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Students petition for better dining options

Students petitioned to get better dining options on campus. (EN Photo / Rebecca VanEtten)
Students petitioned to get better dining options on campus. (EN Photo / Rebecca VanEtten)

As stomachs start to rumble, images of Taco Bell, Azul’s or Subway float through student’s minds as they decide on which dining outlet will satisfy their hunger. However, not much thought goes into how these food sources got onto campus.
The food options made available for students are the result of the dining service company that forms a contract with the school. In July 2016, Florida Gulf Coast University’s dining service contract with Aramark ends. As a result, the process for finding a dining service has begun.
FGCU has been working with Aramark since 2008. However, according to Joe McDonald, assistant vice president of business services at FGCU since FGCU has grown over the last couple of years, other companies have reached out offering their services,
“When we had Dunk City and FGCU became a national name, we had a lot of companies and vendors that contacted us with interest in doing dining services,” McDonald said. “So we have at least five or six companies that we know of.”
According to McDonald, a dining consultant has started meeting with focus groups on campus consisting of students, faculty and staff to finish a survey that will help kick-start the process.
“Our dining consultant is finishing up the survey on the FGCU community’s dining needs and wants and will then finalize a report to us at the end of December,” McDonald said. “That allows us to know what our community wants and where any competition would come from the outside.”
After the report is finished, companies can start offering their services to FGCU. Between January and May of next year the companies that FGCU is negotiating with will have marketing groups come and look at FGCU.
“They would do their own marketing study to see what our traffic patterns are and what menu options we offer so when it comes time to do their bidding, they will have an idea of what our campus encompasses,” McDonald said.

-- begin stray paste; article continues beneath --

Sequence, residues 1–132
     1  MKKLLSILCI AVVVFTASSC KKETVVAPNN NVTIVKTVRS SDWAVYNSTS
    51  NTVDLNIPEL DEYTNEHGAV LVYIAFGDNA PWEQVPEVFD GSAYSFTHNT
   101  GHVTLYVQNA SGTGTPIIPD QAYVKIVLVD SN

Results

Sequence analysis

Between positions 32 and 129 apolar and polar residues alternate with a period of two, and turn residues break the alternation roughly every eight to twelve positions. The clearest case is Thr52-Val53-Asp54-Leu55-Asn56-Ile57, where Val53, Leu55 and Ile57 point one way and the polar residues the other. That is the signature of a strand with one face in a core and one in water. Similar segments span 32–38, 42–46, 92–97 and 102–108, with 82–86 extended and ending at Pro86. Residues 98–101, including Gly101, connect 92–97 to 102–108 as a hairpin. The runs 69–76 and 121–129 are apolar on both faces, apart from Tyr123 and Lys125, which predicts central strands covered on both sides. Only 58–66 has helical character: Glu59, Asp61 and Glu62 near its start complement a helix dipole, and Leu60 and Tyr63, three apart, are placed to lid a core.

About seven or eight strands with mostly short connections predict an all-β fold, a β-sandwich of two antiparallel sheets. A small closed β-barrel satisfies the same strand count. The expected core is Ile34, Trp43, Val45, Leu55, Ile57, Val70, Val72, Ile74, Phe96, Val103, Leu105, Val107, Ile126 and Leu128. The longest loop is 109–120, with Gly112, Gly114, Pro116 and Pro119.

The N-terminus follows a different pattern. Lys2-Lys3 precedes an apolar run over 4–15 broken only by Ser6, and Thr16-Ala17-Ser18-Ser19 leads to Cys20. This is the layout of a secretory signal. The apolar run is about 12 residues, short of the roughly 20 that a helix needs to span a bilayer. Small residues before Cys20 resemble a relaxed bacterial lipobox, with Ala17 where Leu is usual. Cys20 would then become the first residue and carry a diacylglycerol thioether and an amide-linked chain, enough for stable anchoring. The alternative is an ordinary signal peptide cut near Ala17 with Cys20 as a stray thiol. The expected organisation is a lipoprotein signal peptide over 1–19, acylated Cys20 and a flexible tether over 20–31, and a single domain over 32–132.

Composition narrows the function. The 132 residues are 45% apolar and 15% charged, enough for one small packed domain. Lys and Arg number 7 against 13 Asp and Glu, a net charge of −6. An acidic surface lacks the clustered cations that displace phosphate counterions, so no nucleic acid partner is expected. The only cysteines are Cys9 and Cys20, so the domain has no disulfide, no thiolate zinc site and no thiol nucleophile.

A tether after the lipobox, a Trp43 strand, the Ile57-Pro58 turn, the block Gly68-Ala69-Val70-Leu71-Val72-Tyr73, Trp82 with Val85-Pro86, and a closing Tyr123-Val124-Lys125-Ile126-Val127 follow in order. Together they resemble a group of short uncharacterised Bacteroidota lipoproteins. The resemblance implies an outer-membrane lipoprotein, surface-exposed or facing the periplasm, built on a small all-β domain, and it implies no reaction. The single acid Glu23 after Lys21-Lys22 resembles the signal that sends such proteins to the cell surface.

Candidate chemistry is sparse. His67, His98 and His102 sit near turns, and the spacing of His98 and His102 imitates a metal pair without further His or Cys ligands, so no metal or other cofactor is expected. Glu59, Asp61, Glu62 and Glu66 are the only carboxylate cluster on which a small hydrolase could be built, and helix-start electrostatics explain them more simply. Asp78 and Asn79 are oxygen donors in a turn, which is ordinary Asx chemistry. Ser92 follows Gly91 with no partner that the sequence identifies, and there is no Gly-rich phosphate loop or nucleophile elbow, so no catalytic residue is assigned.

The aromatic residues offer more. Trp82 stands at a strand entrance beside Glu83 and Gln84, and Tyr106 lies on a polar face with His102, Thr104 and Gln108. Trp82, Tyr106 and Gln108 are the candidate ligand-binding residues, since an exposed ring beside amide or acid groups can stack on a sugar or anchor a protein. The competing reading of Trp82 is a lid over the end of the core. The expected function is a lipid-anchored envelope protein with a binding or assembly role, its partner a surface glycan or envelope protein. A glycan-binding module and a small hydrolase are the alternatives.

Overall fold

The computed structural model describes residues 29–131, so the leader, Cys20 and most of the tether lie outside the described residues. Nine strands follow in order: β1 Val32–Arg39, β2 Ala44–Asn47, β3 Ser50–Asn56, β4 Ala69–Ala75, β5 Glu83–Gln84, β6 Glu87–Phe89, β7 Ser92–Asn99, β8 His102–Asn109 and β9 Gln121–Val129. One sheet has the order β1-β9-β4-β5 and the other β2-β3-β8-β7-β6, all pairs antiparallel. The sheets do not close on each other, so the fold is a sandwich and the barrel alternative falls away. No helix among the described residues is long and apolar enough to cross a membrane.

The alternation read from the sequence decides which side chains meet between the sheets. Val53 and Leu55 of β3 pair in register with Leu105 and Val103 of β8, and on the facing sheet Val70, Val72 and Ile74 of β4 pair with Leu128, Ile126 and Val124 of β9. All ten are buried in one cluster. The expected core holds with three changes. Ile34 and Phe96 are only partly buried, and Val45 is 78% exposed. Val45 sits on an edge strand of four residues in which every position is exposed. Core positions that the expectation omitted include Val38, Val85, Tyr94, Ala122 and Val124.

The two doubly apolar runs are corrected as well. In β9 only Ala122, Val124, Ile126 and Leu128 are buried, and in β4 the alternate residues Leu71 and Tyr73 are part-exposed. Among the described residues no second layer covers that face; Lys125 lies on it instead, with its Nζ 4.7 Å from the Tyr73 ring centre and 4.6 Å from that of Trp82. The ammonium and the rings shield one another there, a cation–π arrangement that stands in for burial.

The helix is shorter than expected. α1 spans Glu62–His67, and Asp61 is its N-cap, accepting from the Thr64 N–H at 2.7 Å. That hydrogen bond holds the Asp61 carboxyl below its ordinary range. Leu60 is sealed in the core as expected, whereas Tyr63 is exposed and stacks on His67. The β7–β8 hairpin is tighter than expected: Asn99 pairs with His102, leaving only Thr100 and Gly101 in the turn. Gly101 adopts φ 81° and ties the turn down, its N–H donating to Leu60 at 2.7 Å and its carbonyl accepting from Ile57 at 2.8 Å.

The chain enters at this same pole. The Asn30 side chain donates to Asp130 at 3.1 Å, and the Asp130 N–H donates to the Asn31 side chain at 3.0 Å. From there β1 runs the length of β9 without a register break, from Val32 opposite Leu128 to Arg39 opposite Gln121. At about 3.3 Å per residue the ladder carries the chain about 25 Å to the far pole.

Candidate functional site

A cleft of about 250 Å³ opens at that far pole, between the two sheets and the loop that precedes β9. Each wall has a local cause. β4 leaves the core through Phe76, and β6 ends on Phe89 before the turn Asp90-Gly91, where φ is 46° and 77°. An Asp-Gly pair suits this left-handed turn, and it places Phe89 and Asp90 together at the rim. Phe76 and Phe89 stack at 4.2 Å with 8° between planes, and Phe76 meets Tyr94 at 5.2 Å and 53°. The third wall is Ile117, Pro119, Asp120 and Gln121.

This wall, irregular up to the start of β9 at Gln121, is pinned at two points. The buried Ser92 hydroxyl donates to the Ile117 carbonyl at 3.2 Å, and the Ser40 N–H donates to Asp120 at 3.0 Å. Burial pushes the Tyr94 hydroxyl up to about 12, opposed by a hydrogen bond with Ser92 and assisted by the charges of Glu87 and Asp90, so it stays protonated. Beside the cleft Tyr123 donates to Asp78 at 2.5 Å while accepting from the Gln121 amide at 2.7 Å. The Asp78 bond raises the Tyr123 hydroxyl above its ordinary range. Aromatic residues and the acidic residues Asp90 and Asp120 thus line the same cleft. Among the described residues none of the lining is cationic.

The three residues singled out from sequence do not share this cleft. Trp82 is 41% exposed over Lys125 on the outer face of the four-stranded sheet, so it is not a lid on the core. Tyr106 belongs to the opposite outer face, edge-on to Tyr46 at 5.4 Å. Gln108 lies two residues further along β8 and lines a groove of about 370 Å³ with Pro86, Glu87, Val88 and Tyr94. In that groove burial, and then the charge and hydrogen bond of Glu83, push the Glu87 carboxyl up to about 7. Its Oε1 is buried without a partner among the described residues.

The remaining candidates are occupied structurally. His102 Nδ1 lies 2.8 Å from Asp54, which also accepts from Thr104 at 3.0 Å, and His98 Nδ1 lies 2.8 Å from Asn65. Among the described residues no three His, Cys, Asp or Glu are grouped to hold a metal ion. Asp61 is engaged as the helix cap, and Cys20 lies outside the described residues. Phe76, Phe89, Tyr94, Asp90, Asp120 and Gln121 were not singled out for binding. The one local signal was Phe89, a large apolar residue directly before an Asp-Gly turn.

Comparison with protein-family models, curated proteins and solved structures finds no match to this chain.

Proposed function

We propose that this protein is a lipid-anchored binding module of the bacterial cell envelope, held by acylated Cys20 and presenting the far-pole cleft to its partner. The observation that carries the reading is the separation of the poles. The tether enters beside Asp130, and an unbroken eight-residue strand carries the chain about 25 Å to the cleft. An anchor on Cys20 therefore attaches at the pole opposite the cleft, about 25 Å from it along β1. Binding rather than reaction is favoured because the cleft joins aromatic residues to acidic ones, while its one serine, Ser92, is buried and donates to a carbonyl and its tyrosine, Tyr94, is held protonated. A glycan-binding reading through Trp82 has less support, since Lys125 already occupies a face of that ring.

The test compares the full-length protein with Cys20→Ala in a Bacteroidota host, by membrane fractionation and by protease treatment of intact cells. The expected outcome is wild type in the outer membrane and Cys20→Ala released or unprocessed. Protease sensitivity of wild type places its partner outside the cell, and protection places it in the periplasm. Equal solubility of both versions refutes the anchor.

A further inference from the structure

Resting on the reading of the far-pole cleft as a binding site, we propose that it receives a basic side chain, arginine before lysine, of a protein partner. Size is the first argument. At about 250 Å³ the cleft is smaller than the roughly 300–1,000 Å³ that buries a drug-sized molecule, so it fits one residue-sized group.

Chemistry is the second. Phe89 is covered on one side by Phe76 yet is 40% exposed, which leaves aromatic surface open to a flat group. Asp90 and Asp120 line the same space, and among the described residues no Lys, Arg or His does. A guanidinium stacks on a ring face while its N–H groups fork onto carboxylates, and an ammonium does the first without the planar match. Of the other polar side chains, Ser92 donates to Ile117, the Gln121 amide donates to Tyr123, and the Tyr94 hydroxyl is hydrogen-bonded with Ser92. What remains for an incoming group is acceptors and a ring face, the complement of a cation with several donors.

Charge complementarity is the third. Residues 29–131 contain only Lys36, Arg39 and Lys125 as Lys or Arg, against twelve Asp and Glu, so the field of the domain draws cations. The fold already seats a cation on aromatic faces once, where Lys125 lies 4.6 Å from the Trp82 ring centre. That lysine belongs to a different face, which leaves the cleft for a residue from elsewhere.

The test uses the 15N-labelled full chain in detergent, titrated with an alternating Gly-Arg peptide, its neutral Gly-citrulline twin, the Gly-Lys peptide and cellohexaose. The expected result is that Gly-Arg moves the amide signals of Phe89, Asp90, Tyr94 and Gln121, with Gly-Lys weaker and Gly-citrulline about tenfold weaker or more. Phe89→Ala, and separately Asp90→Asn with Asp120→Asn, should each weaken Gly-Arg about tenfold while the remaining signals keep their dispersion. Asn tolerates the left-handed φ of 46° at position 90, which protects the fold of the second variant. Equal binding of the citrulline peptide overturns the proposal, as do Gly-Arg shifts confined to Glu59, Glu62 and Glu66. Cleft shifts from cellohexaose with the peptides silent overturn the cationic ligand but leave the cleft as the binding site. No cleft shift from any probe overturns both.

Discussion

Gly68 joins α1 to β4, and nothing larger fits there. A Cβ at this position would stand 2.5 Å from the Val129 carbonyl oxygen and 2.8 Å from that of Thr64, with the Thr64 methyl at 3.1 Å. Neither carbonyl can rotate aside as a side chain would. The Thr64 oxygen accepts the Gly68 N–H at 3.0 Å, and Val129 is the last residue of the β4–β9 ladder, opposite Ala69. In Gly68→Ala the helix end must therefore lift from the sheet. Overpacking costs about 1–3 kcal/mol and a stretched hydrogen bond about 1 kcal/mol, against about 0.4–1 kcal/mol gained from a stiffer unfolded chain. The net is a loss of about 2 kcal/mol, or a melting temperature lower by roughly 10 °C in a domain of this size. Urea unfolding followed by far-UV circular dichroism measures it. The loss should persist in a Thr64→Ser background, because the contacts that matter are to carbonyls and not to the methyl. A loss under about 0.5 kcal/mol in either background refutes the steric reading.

By August 2015, a selection committee consisting of volunteers from the student and faculty senate will review the bids made by companies and will narrow the list to one or two.
By January or February 2016, the committee will give a recommendation to President Wilson Bradshaw and his cabinet for approval. If the company is approved, it can start to make the adjustments needed on campus for their services.
“It is a big process,” McDonald said. “There are a lot of different groups that will get a good feel for what FGCU wants and then the campus can provide that.”
Real Food Challenge
With FGCU’s dining service contract with Aramark closing, it has opened up an opportunity for FGCU’s Real Food Challenge to push for sustainable food sources on campus.
The Real Food Challenge wants 20 percent of the food budget at universities spent on food that is local, organic, sustainable and ethically humane by 2020. FGCU’s group is currently targeting the faculty and staff senates for approval. Student Government has already supported the challenge.
“Once all three sign it, then it shows that the entire campus wants it,” said Tia Rowe, a senior communication and philosophy major.
Rowe initially got involved with the project two years ago for community service hours. But the range of causes this project aims to improve encouraged her continued involvement in the group.
“Food justice in particular is such a broad topic,” Rowe said. “It pertains to a lot of different interests that I have such as human rights, animal rights and environmental rights. Food is the one tie that hits all of these different issues. If you improve the food system and improve the quality of food, you impact so many different things.”
The group hopes the challenge will be approved by Bradshaw at the end of the spring semester. If Bradshaw approves the project FGCU will be the only school in Florida working toward the Food Challenge project’s goal.
“It just shows that we are an environmentally-minded and sustainable campus,” Rowe said. “We already have the Food Forest that is showing students how to produce food in their own environment, and the Real Food Challenge just shows students that they have the power to make choices based on what they purchase.”
The Real Food Challenge is not a registered student organization, but works closely with ECHO FGCU, the coalition of all of the environmental clubs on campus. If students want to get involved with the project they are encouraged to follow the Real Food Challenge on Twitter and Instagram.
“It shows students that they can make a difference in the food system, which is a huge and scary system that has lots of layers,” Rowe said. “Simply supporting this as a university can help make a shift. Each student has that individual power to do so.”

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